Hospital Holds Dead Woman Hostage in Pro-Life Battle

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A Texas hospital held the body of Marlise Munoz, who had been legally dead since November of last year, hostage, citing pro-life legislation in a battle that finally ended this week. Munoz’ husband Erick, who discovered his wife’s body an hour after she suffered what doctors believe to be a pulmonary embolism, was forced to endure a grueling ordeal when John Peter Smith Hospital in Forth Worth, TX, insisted on keeping his pregnant wife’s body on life support, disregarding Marlise’s wish to be taken off any support if she was beyond medical assistance.

When Marlise’s body was brought to John Peter Smith Hospital, it took doctors less than two days to determine that her condition was beyond recovery. Her husband would lose his wife, the mother of his son and the fetus of their second child, but he was not prepared to have to fight for his wife’s right to die. The hospital refused to allow Mrs. Munoz’s body to come off life support, hoping to save her unborn child. The fetus, which was only three months old, was judged not viable by doctors.

Erick Munoz took his wife’s case to court where, after a lengthy battle, the judge determined that the pro-life laws that were in place did not apply to the dead woman and that the hospital must release the body from this hostage situation. On Sunday, Marlise Munoz and her unborn baby could finally rest in peace.

Abortion laws are hotly debated in most of the United States, but a poll taken last year shows that the number of Americans who support the right to choose is significantly smaller than we believe. While only 35% of Americans believe that the US is predominantly pro-life, a whopping 48% of Americans actually consider themselves pro-life. In Texas, much of the legislature has pro-life leanings as well. Parental consent for minors seeking abortions is required by Texas law and a woman who would like to terminate a pregnancy must not only view an ultrasound of the fetus, but must also endure counseling designed to dissuade her from getting an abortion and then wait 24 hours before the procedure, presumably to induce her to change her mind. Texas does not provide funding for abortions unless the pregnancy is a result of rape or incest or is proven to endanger the life of the mother, and does not permit the use of telemedicine where abortions are concerned.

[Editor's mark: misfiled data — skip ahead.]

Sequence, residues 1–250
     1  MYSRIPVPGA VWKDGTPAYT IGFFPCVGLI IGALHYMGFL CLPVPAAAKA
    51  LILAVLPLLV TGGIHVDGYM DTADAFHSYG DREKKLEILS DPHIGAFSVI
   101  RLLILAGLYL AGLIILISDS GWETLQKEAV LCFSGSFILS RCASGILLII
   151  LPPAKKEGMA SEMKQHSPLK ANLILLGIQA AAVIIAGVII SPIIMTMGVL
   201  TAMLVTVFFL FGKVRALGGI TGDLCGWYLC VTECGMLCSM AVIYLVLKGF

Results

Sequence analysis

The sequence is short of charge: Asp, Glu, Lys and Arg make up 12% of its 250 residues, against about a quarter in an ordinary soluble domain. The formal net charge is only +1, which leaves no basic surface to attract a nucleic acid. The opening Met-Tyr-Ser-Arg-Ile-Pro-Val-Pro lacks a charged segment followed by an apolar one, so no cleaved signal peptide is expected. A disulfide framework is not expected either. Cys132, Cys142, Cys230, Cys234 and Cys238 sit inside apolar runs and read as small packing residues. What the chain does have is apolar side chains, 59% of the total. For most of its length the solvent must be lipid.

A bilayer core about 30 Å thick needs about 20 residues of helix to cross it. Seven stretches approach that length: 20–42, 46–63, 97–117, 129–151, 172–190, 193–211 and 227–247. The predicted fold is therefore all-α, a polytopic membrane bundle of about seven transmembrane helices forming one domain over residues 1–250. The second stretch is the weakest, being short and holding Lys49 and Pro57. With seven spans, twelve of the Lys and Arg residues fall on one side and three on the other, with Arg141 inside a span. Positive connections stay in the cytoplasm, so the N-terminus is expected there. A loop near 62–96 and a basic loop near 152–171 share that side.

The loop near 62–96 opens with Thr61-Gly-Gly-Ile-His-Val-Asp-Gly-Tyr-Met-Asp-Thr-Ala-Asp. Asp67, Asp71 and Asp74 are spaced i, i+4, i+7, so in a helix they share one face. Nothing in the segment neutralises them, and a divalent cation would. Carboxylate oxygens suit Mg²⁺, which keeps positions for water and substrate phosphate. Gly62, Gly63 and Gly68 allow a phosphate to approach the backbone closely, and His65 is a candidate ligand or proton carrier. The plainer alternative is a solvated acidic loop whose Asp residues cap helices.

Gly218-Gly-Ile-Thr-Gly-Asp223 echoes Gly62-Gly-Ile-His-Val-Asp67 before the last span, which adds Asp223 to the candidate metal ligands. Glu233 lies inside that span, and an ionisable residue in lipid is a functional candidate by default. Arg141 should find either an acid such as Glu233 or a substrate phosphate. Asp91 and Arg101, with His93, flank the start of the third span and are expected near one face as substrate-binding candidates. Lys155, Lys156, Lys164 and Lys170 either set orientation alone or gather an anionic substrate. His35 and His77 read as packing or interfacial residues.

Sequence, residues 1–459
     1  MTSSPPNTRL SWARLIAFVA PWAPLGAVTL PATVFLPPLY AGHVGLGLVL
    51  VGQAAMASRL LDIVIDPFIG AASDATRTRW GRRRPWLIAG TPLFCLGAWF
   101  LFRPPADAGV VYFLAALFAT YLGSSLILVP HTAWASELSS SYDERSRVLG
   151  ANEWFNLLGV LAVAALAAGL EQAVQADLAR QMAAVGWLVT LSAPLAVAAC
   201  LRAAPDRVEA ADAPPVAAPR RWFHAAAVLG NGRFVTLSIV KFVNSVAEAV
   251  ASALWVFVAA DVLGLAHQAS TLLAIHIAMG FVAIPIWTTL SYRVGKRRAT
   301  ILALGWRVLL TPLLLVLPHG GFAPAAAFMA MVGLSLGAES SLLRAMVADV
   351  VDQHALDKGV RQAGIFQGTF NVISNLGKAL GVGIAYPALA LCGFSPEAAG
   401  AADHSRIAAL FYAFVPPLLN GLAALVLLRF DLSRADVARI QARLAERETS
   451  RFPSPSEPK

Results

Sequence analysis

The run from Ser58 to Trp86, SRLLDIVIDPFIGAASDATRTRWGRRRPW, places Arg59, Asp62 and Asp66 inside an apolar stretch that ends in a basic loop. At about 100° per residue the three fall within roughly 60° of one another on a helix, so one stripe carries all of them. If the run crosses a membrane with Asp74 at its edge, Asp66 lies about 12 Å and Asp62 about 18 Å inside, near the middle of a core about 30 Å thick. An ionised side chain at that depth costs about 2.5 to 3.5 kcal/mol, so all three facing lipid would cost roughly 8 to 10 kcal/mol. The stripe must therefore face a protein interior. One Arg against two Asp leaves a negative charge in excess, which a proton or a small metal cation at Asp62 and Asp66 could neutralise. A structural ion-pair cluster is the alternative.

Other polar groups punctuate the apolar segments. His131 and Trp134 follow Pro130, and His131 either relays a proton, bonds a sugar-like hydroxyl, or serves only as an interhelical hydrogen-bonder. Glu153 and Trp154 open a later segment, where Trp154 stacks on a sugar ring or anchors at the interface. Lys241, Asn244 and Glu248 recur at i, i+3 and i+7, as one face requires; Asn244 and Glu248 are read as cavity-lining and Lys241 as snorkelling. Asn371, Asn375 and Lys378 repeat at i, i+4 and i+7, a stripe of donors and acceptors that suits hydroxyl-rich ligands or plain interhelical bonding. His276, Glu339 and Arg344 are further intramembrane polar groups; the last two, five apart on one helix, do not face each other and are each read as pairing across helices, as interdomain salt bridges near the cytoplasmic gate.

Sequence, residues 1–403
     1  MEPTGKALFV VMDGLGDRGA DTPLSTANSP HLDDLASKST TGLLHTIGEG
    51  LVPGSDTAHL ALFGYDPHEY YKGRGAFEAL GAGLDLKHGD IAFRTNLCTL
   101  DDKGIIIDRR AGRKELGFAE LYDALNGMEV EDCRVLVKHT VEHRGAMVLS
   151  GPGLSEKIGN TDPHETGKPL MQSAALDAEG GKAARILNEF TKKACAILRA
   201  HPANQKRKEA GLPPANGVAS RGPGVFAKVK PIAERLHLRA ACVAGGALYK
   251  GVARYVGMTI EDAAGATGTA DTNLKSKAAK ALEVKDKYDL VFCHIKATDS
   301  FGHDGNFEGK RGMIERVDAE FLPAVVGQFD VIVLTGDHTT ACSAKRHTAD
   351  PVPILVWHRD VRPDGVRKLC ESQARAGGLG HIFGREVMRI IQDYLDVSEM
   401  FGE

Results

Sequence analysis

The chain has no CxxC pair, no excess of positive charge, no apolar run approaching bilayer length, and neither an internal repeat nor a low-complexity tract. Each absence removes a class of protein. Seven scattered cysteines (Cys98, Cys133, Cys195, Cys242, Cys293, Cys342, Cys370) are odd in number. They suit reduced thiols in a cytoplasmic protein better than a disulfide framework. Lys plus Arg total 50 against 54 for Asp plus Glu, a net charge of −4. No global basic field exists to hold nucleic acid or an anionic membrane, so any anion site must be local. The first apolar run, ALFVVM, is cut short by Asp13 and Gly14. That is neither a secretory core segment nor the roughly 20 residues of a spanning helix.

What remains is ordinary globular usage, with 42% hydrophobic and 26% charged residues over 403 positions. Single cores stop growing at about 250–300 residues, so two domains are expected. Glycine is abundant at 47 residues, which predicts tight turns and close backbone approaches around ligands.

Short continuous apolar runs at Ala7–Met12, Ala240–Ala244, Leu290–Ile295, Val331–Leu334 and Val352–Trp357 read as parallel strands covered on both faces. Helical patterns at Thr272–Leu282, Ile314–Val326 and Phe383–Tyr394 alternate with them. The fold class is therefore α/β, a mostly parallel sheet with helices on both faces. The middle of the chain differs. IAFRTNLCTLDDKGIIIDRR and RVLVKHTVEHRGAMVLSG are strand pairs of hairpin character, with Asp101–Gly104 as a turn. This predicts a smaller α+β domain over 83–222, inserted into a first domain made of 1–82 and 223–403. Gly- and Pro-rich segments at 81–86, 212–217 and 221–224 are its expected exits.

It is not surprising that the Munoz family has had to deal with a lot of people poking their noses into what could easily be called a private, family matter. Although pro-choice activists have been making their voices heard in support of the family, Mr. Munoz stated that his wife’s body would be cremated and no funeral service would be held for his wife for fear of being attacked by pro-life protesters. After all this man and this family has gone through as a result of Texas legislators and vigilante hospital staff, it seems almost unbelievable that they are not even free to mourn their losses in peace. Sadly, the trials for the Munoz family, and others like them, may be far from over. Four Republican gubernatorial candidates have remarked on the dead woman’s battle for her right to die, stating that they support the hospital’s decision to hold Marlise Munoz hostage and will support even more stringent pro-life legislature if elected.

Editorial By Lauren Martin

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